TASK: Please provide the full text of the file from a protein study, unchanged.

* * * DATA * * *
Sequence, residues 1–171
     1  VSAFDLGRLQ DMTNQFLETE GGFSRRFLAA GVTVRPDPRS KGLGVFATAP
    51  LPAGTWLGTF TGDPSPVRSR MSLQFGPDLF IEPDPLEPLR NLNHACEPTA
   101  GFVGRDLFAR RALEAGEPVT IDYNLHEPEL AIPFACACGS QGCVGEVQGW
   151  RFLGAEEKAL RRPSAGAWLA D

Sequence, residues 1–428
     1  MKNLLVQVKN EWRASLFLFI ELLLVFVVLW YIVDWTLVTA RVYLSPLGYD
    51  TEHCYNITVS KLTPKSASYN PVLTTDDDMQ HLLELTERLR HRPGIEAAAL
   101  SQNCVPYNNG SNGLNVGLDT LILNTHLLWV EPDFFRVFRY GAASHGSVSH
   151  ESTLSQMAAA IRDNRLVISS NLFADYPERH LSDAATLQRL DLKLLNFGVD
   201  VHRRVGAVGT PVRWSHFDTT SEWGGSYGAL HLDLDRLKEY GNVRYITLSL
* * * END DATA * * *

Sequence, residues 1–171
     1  VSAFDLGRLQ DMTNQFLETE GGFSRRFLAA GVTVRPDPRS KGLGVFATAP
    51  LPAGTWLGTF TGDPSPVRSR MSLQFGPDLF IEPDPLEPLR NLNHACEPTA
   101  GFVGRDLFAR RALEAGEPVT IDYNLHEPEL AIPFACACGS QGCVGEVQGW
   151  RFLGAEEKAL RRPSAGAWLA D

Sequence, residues 1–428
     1  MKNLLVQVKN EWRASLFLFI ELLLVFVVLW YIVDWTLVTA RVYLSPLGYD
    51  TEHCYNITVS KLTPKSASYN PVLTTDDDMQ HLLELTERLR HRPGIEAAAL
   101  SQNCVPYNNG SNGLNVGLDT LILNTHLLWV EPDFFRVFRY GAASHGSVSH
   151  ESTLSQMAAA IRDNRLVISS NLFADYPERH LSDAATLQRL DLKLLNFGVD
   201  VHRRVGAVGT PVRWSHFDTT SEWGGSYGAL HLDLDRLKEY GNVRYITLSL